Here's why new car tech is four years out of date
Think you can upgrade your car's hardware? Not anytime soon.
Computerworld - As you pore over the technical features built into Ford's latest vehicles, one spec you'll notice in those that include a SYNC entertainment system is the 10GB hard drive for storing music.
No, they didn't drop a zero. That's a 10.
Ford isn't alone when it comes to offering skimpy hard drives. Most automobile companies are two to four years behind the consumer technology curve, according to industry experts.
So while you can buy a 1TB hard drive for your computer for less than $100, or get 16GB of flash storage on a basic iPhone for $200, don't expect that new car to match that kind of hardware anytime soon.
"The iPhone was introduced in 2007. The cars being sold in 2012 and 2013 were just being planned then," said Scott Fosgard, a spokesman for infotainment systems at General Motors.
Fosgard said the automobile industry has been shell-shocked by the speed with which technology has permeated its ranks.
In 2007, for example, infotainment systems ranked 25th on GM customers' wish lists. Today, infotainment is fourth on the list, according to Fosgard.
A long product cycle
While mobile technology evolves in a world of rapid product cycles, the auto industry has a longer product cycle curve -- much longer, as in five to seven years.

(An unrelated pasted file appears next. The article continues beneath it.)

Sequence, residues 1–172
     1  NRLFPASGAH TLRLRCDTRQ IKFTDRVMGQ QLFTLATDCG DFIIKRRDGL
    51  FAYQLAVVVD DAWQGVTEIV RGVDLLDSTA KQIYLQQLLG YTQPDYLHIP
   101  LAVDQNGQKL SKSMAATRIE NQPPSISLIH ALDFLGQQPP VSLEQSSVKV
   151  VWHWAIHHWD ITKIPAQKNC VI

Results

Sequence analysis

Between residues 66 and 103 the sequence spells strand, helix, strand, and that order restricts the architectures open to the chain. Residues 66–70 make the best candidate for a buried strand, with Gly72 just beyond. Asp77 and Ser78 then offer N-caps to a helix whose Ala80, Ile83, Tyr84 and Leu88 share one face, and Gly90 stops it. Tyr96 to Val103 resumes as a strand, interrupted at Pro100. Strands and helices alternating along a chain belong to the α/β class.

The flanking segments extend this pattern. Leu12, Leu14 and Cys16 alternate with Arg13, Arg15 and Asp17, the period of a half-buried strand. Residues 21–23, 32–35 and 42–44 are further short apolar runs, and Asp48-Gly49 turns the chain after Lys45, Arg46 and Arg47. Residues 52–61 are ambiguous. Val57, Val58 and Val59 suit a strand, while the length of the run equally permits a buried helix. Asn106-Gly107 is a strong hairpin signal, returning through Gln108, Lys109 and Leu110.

In part, that's because auto design and manufacturing involves meeting a lengthy set of specifications that, once tested for reliability, generally don't change during production.
With the exception of high-end cars, such as those from Mercedes-Benz and the electric Tesla, most car manufacturers don't even allow owners to upgrade their car's hardware as it ages. Some infotainment system upgrades now offered by major manufacturers require owners to bring their cars into the dealership.
"Imagine if you had to go to Best Buy to upgrade the software on your phone?" said Thilo Koslowski, an analyst at Gartner.
Last March, Ford began mailing out MyFord Touch upgrade packages with software updates to more than 300,000 customers. The packages included a USB flash drive with the updated software, a notification letter, detailed instructions for the 60-minute download, and an updated user guide.
"Navigation-equipped vehicle owners also received an updated SD card with all-new, updated map data. Drivers had the option to go to the dealer to have it installed if they wanted to, but they could also do the upgrade themselves at home," a Ford spokesperson wrote in an email to Computerworld.
While car companies say their manufacturing and test cycle places them about two years behind the consumer technology curve, Koslowski said it's really closer to four years.
"The industry is trying to figure out how to accelerate bringing technology into automobiles," Koslowski said.
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